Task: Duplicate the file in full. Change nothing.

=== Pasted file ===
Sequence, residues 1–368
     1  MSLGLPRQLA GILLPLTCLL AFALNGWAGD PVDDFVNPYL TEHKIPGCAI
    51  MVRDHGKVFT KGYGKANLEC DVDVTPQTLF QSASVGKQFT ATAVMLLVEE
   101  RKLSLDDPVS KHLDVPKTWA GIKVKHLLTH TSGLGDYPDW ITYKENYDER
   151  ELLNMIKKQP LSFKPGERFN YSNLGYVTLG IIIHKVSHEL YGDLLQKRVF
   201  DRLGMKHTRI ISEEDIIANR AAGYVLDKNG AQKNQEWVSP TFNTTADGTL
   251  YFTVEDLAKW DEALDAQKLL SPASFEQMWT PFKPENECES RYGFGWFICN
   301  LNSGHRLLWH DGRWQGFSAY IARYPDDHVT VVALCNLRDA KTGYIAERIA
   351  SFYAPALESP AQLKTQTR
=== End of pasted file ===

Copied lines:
Sequence, residues 1–368
     1  MSLGLPRQLA GILLPLTCLL AFALNGWAGD PVDDFVNPYL TEHKIPGCAI
    51  MVRDHGKVFT KGYGKANLEC DVDVTPQTLF QSASVGKQFT ATAVMLLVEE
   101  RKLSLDDPVS KHLDVPKTWA GIKVKHLLTH TSGLGDYPDW ITYKENYDER
   151  ELLNMIKKQP LSFKPGERFN YSNLGYVTLG IIIHKVSHEL YGDLLQKRVF
   201  DRLGMKHTRI ISEEDIIANR AAGYVLDKNG AQKNQEWVSP TFNTTADGTL
   251  YFTVEDLAKW DEALDAQKLL SPASFEQMWT PFKPENECES RYGFGWFICN
   301  LNSGHRLLWH DGRWQGFSAY IARYPDDHVT VVALCNLRDA KTGYIAERIA
   351  SFYAPALESP AQLKTQTR